Those working in CA&ES who received a Distinguished Citation for Excellence included Yoke Dellenback and Susan Padgett, Department of Entomology, in the category of “Team General Contribution.” Dellenback and Padgett, account managers, were first presented with citations for excellence in the team division, general contributions category, and then were singled out for the distinguished team award in that category. Their names will be engraved on a plaque at the Buehler Alumni and Visitors Center.
Additional CA&ES staff who received a 2008 Citation for Excellence Award in the “Individual General Contribution” category include:
- Lisa Holmes, Animal Science
- Rita Lundin, Human and Community Development
- Jeanette Martin, Department of Entomology
- Zainulabeuddin Syed, Department of Entomology
Suanne Klahorst of the John Muir Institute of the Environment won a 2008 Citation for Excellence Award in the “Individual Campus Service” category.
For a complete listing of all campus awardees, visit the Staff Assembly website at http://staff.ucdavis.edu/staff-incentives-1/citation-for-excellence.
Kathy Keatley Garvey
A team of graduate students in the Education for Sustainable Living Program, part of a course offered every spring by the California Student Sustainability Coalition, created a pedal-powered laptop desk that is on display at the Memorial Union. Located outside Griffin Lounge, the desk is free to use.
The team built the bike primarily from recycled and salvaged materials, along with an additional $700 in equipment funded through the campus sustainability grant program. A fact sheet on the Plexiglas desktop lets users know that although one human can power a laptop, it would take 20 human pedalers to power an air conditioner.
The bike will be on display through the fall in the MU hallway, or you can view a demonstration on Youtube at http://www.youtube.com/watch?v=KB3NkahC8DQ.
John Muir Institute of the Environment
The Plant Breeding Academy, sponsored by the Seed Biotechnology Center, is accepting applications for Class II, which will begin in September 2008. The Plant Breeding Academy is a two-year program designed to meet the needs of working professionals, giving them the tools to manage a breeding program. Meeting for six one-week sessions over two years, the academy’s schedule allows participants to maintain their current working positions. Students from Class I completed instruction in June.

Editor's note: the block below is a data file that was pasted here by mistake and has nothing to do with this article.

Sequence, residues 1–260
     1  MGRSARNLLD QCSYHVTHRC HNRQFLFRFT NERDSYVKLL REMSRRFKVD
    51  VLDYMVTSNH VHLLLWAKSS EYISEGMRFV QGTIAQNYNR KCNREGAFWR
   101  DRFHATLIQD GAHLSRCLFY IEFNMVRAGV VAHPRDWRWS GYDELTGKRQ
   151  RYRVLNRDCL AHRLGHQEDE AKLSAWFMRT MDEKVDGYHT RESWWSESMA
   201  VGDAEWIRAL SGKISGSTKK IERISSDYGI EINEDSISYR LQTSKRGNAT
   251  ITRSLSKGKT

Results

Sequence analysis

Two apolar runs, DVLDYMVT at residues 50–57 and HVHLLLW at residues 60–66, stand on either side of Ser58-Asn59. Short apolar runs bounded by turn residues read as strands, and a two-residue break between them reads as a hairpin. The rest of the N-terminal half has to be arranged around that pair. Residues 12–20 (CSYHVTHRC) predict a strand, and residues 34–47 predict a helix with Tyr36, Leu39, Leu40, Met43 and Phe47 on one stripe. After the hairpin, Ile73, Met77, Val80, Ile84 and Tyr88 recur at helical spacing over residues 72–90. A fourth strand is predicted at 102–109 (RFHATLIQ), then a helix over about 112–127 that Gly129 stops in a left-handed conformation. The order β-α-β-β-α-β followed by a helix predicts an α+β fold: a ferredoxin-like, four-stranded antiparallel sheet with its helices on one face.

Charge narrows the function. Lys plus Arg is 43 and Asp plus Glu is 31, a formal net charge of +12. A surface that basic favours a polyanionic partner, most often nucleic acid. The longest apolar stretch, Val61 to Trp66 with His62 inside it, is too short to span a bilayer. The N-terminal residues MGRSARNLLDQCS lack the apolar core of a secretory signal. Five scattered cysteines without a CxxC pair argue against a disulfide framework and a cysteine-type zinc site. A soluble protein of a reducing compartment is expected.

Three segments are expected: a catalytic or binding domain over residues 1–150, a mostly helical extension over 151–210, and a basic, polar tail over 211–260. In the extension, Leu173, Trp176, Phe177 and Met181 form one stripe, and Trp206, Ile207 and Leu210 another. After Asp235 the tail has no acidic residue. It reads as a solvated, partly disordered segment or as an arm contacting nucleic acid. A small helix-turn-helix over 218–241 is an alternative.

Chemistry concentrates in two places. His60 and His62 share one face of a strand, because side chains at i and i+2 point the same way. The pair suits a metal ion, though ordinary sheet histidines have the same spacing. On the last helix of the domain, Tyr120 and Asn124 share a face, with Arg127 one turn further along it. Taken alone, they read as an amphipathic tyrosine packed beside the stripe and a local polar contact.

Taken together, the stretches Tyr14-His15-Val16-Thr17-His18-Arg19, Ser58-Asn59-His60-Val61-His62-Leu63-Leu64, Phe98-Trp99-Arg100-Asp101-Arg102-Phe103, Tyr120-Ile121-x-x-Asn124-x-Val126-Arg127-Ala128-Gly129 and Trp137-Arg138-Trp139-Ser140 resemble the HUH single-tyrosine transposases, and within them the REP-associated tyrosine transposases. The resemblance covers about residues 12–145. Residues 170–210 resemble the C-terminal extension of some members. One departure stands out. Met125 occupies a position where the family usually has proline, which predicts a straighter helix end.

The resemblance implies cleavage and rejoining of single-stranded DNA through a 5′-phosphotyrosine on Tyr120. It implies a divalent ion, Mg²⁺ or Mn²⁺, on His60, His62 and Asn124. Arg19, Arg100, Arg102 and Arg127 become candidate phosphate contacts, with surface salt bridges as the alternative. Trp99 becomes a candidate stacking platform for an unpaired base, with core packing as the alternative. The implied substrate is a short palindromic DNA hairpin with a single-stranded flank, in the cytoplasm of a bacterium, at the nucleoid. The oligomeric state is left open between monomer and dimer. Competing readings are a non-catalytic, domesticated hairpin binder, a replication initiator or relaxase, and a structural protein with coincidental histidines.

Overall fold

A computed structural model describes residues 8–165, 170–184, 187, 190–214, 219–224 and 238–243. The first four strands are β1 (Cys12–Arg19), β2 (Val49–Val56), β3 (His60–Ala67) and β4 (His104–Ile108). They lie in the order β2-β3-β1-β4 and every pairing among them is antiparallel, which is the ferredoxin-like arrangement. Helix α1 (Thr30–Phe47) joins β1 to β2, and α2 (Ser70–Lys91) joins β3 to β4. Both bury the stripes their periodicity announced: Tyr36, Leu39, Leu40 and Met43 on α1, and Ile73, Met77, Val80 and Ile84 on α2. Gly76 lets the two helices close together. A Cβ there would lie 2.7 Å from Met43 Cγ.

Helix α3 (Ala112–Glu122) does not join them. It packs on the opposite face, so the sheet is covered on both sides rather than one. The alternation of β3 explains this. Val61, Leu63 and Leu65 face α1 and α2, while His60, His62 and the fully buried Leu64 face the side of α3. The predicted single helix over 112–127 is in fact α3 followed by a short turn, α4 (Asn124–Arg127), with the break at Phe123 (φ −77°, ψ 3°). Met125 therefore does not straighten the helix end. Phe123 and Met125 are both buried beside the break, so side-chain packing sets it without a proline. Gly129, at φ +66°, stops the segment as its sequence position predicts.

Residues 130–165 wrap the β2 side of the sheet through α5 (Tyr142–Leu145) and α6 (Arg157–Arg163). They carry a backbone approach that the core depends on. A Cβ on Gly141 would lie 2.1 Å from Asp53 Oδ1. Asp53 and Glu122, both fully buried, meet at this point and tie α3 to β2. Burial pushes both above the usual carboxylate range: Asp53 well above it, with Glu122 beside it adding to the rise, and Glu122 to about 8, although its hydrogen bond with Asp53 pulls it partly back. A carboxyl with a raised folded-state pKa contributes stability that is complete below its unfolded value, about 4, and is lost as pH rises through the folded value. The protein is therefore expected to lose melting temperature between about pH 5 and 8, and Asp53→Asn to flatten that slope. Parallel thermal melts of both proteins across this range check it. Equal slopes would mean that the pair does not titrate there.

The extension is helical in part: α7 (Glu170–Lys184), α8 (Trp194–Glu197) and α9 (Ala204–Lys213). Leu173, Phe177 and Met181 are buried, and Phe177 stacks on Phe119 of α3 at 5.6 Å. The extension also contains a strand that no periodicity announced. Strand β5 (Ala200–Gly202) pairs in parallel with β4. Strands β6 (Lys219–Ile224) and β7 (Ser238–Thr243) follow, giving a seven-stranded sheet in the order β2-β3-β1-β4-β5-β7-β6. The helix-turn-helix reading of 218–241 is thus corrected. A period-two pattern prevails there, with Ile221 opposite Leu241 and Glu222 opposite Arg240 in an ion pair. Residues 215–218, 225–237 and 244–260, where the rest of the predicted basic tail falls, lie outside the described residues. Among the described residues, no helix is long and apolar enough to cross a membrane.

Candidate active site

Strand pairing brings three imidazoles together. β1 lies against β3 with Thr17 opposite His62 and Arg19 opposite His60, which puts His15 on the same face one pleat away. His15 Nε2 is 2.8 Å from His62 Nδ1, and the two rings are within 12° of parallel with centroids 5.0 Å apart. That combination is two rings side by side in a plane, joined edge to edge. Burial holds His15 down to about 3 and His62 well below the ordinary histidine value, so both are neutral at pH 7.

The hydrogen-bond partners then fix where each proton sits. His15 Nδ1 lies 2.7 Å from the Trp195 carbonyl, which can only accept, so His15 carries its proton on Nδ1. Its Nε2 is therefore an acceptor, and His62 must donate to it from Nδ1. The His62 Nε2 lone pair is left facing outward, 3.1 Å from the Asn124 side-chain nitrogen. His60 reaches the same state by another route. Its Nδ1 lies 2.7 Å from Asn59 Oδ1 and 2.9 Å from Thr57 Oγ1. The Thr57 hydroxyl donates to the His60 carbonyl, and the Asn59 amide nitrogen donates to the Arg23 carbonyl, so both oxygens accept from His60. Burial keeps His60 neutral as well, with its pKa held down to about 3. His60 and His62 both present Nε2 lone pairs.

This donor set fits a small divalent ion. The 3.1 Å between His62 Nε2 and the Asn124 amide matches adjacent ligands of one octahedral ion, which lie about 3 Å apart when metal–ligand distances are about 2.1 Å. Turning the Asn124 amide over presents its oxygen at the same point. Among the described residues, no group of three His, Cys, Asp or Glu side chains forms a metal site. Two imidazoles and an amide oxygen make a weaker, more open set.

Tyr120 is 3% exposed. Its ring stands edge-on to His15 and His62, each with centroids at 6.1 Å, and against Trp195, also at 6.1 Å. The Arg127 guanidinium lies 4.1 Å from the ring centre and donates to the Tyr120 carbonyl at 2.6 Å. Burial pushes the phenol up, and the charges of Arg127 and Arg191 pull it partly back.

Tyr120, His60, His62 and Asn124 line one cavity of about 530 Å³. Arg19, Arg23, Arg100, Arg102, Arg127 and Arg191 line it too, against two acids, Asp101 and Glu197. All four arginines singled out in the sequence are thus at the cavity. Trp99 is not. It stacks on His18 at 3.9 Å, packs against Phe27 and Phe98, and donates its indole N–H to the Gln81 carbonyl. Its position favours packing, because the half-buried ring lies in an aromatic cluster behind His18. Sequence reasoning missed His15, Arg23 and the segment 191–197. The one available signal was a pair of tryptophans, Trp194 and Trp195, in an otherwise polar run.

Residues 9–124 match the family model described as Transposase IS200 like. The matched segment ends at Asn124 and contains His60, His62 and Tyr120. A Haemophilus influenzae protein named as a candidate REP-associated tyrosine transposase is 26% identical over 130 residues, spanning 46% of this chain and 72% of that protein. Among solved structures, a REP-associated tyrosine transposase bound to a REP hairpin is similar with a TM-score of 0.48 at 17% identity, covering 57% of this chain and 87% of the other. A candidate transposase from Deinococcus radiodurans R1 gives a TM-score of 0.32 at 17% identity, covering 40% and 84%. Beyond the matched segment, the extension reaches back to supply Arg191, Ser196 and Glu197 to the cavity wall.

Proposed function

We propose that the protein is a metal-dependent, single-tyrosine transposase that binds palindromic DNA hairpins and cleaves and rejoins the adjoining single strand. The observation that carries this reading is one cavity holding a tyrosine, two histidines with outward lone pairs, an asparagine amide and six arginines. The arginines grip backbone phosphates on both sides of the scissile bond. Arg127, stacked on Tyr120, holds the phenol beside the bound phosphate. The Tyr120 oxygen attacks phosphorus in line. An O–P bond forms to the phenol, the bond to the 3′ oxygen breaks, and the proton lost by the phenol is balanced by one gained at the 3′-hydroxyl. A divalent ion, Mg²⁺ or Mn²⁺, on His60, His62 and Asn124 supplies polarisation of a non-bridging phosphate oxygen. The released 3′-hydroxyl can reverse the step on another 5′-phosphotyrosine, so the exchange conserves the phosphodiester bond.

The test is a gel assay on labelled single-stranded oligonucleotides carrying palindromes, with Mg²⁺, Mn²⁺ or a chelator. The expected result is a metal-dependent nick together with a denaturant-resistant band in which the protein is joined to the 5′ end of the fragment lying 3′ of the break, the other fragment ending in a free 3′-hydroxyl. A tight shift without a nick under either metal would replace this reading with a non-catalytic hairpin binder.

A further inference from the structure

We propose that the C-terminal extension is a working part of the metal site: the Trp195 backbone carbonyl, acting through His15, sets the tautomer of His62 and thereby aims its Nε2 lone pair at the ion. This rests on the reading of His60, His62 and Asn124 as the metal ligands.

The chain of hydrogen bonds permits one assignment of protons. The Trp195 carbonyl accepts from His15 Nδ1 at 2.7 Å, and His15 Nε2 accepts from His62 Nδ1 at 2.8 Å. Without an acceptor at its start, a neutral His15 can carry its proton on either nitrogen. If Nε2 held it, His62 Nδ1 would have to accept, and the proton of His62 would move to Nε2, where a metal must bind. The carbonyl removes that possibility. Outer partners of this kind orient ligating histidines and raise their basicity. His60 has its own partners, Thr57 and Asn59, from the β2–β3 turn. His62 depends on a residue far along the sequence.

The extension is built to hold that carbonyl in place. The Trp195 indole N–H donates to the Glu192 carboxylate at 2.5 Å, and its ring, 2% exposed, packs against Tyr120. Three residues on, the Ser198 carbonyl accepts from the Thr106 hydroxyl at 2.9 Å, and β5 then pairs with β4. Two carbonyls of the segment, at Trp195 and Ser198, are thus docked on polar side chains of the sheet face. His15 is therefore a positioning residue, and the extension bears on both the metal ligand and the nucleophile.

The academy is taught by internationally recognized plant breeders and is limited in size to give students personal attention. Visit the Plant Breeding Academy website for more information and to apply for the 2008-2010 Academy.
Seed Biotechnology Center
Researchers at the Seed Biotechnology Center have published three new papers. Kent Bradford, director of the Seed Biotechnology Center and professor of plant sciences, was a co-author on an issue paper titled “Implications of Gene Flow in the Scale-up and Commercial Use of Biotechnology-derived Crops: Economic and Policy Considerations.” Senior scientist Allen Van Deynze collaborated on two papers, one on developing a strategy for sequencing the cotton genomes, which will vastly expand opportunities for cotton research and improvement worldwide. The other is about diversity in conserved genes in tomato.
Seed Biotechnology Center
University Communications has announced its media training schedule for the 2008–09 academic year, with dates for both regular and advanced media training.
Media Training I
This workshop is recommended for any faculty, administrator, or staff member likely to be called upon to do media interviews. The provost often asks new administrators to attend, and some deans require new department chairs to attend the workshop. Faculty and staff with expertise on hot media topics, and even graduate students and undergraduate student leaders are welcome to enroll.